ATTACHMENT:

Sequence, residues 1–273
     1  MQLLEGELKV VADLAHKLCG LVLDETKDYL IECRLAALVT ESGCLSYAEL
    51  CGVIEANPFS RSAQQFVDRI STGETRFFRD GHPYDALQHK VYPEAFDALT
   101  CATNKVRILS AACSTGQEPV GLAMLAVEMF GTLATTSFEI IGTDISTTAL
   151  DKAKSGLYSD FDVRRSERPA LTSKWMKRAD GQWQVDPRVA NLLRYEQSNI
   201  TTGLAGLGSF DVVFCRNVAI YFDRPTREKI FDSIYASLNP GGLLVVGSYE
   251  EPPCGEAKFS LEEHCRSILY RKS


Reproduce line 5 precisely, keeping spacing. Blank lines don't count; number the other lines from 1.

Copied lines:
   151  DKAKSGLYSD FDVRRSERPA LTSKWMKRAD GQWQVDPRVA NLLRYEQSNI